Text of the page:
8. No Contacts
You may be begging your former employers for written recommendations right now when you should be spending your time landing the same acclaim for your digital LinkedIn resume. You can either send your professor or manager a request on LinkedIn, or have them write it the old-fashioned way and then upload it to your profile. That way, you don’t have to scramble to get a letter of recommendation for an interview when your bosses approval right on your LinkedIn account. And you don’t even have to wait for employers to come to you. “When I was starting a Jewish, LGBT space, I did a search and found some really cool professionals in the queer, Jewish world,” said AU junior Jenna Shaw. “I got in touch with one and found a mentor.”
Unlike other social media sites, with just a premium account, you can easily tell if someone viewed your LinkedIn profile. “I thought LinkedIn was the same as Facebook,” said AU senior Grace Chong. “But people can tell if you’re stalking them.” This means you must be wary of checking your ex’s profile every day to see if they landed a job yet, it just might come back to haunt you. Likewise, continually visiting the profiles of people you want to work for can come off as creepy. We get it; you’re interested. Don’t risk a possible job offer by cyber-stalking the entire office.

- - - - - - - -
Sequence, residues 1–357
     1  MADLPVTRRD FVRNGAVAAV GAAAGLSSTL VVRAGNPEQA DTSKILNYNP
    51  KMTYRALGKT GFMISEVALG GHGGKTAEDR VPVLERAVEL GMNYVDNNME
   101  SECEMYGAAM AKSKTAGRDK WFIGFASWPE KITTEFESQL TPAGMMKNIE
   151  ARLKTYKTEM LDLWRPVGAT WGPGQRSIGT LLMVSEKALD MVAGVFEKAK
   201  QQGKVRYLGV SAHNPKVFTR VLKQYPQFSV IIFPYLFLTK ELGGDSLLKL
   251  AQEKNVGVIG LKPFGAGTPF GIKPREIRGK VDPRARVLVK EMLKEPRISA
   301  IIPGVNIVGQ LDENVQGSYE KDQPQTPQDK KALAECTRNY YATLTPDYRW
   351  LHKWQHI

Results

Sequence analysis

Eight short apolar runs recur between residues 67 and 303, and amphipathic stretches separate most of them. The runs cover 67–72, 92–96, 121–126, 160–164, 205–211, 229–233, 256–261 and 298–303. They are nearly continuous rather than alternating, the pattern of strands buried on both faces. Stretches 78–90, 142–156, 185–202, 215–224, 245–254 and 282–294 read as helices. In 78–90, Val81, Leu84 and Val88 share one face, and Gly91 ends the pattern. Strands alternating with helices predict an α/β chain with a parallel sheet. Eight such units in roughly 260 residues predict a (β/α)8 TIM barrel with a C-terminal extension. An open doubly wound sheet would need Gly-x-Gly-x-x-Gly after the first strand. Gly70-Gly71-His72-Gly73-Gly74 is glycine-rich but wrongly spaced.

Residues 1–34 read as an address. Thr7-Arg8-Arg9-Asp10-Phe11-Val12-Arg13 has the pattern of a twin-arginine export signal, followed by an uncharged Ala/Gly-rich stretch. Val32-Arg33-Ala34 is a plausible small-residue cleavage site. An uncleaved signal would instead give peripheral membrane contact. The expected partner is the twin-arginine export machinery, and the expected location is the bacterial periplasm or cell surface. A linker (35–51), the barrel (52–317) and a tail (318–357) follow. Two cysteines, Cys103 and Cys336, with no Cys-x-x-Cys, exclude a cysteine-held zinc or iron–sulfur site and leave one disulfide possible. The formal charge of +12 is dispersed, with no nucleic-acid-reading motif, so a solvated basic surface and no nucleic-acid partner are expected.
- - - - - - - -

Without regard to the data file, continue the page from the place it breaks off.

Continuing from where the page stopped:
10. General Negativity
Posting complaints about employers, professors or classmates ranks as an absolute “no no” in LinkedIn decorum. First of all, no one cares if your manager always makes you work the morning shift or your professor gives boring lectures. More importantly, a potential employer will think that you’ll just bring those same bad vibes to the office if you’re hired. Save the complaints for your journal at home, and keep it strictly professional on your LinkedIn profile.